The campaign, newly expanded for the complete release, helps alleviate some of these issues by acting as part-story, part-tutorial. It’s a five-chapter compilation of stuff you’d see in Sandbox mode, but given a narrative framework and a guy who’ll call occasionally to say “Hey, maybe you should build a Laundry,” or some such advice. Chapter One loads up automatically when you initially launch Prison Architect, and it will take you through the basics (and beyond) before you brave Sandbox mode.
I actually think it works pretty well, giving some sort of framework for players to work through before they’re turned loose. The story takes cues from Hollywood, featuring lurid crimes of passion and mafia dons and riots and stabbings in the shower and the crazy tough-on-crime mayor who maybe doesn’t have the purest of intentions. It’s a bit predictable (read: overwrought) but it’s entertaining enough to keep you going until you feel comfortable with all Prison Architect’s systems.
And to be honest, it’s more than I expected from Prison Architect. The team’s been pretty clear they’re trying to stay somewhat apolitical with the game, but much of what I saw in the campaign comes down pretty heavily on the “We need prison reform” side of the argument. State-sponsored corruption, profiteering, dehumanization of prisoners—there are some surprisingly heavy topics dealt with here, albeit in cartoon form.
Which is not to say that Prison Architect’s only merit lies in the in-your-face moralizing of the campaign. Far from it. There’s been some hand-wringing around Prison Architect, similar to Battlefield Hardline—talk that it trivializes prisons by reducing the system to a game, et cetera. On the contrary, I think Prison Architect does a pretty good job exploiting what games do best: teaching through doing.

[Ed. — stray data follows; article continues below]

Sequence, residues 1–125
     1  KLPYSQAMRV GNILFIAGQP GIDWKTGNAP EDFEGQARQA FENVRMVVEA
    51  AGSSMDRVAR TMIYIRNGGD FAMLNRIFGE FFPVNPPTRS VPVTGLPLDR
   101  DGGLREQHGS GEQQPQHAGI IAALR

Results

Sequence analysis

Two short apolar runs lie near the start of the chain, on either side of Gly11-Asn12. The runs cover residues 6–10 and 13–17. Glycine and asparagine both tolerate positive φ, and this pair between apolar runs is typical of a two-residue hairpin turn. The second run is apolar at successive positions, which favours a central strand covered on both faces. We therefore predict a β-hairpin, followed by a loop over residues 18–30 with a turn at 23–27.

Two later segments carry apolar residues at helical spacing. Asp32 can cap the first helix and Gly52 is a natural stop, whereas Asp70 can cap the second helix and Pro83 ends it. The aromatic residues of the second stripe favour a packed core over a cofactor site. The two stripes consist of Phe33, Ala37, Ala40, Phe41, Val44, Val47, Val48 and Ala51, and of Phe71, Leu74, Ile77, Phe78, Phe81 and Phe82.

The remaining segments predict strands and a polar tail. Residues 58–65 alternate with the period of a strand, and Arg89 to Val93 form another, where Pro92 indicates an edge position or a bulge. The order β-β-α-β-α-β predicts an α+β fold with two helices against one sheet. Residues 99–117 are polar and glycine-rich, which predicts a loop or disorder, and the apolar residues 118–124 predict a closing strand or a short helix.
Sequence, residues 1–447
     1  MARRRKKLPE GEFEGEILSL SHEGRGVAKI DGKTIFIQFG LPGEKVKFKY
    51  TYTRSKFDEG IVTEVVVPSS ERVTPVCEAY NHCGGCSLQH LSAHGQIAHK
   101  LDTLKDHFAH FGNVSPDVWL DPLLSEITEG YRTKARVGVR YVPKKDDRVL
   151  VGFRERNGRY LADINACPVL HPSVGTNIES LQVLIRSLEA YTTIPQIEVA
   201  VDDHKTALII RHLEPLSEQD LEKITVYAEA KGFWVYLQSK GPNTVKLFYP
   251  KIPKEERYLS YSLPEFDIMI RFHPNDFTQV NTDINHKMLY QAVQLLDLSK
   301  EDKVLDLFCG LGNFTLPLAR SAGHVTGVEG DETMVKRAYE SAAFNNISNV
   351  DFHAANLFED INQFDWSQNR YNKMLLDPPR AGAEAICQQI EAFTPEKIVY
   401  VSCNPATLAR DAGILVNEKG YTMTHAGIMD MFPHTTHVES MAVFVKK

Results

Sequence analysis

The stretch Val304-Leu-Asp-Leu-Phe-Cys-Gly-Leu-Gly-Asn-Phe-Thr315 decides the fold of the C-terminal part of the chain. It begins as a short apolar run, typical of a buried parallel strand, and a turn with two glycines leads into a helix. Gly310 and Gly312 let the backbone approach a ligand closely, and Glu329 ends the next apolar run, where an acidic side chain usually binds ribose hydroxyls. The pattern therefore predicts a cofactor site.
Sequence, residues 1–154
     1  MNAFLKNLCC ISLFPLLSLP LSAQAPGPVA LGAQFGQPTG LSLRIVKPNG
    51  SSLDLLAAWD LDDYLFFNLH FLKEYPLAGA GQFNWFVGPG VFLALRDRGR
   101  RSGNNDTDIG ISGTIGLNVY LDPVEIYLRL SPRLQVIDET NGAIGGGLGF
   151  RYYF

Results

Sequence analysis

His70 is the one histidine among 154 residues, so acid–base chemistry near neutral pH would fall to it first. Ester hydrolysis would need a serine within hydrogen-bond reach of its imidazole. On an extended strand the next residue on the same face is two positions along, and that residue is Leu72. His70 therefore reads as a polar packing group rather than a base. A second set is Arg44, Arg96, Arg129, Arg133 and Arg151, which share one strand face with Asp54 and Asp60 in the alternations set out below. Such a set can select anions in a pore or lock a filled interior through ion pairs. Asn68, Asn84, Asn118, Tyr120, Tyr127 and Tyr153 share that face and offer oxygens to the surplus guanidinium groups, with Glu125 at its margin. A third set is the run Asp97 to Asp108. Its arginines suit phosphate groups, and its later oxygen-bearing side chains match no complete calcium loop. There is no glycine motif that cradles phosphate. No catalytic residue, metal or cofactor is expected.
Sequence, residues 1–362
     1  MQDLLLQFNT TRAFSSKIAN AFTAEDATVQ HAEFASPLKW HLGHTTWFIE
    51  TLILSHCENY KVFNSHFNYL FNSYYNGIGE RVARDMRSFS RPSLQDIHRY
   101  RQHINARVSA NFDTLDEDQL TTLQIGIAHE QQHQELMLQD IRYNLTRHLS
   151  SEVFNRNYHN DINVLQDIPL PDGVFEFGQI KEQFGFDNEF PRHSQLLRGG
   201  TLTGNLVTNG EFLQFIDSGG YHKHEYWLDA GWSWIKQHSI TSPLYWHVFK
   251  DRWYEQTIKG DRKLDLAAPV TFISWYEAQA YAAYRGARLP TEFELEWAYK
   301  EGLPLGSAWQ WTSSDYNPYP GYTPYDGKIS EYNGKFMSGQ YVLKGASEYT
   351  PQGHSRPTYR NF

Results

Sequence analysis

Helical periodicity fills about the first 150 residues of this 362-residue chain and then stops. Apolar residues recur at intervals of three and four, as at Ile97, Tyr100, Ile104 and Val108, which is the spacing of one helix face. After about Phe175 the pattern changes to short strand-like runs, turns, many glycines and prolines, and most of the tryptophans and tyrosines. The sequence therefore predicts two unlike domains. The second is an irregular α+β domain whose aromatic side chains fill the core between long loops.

Put aside the campaign, and Sandbox mode still provides a fascinating look into a life totally alien to many people. Prison Architect demonstrates how and why our prison system fails inmates, and it does so by reducing everything to a single number: Money.
Prison bankrupt? Bring in new prisoners. Can’t house them properly? Stick them in a holding cell. Collect money from the state for their existence. Bring in more prisoners. Do the same. Force your prisoners to work. Sell their work and turn it into profit. Scale back on optional programs—drug treatment plans, substance counseling, entertainment options.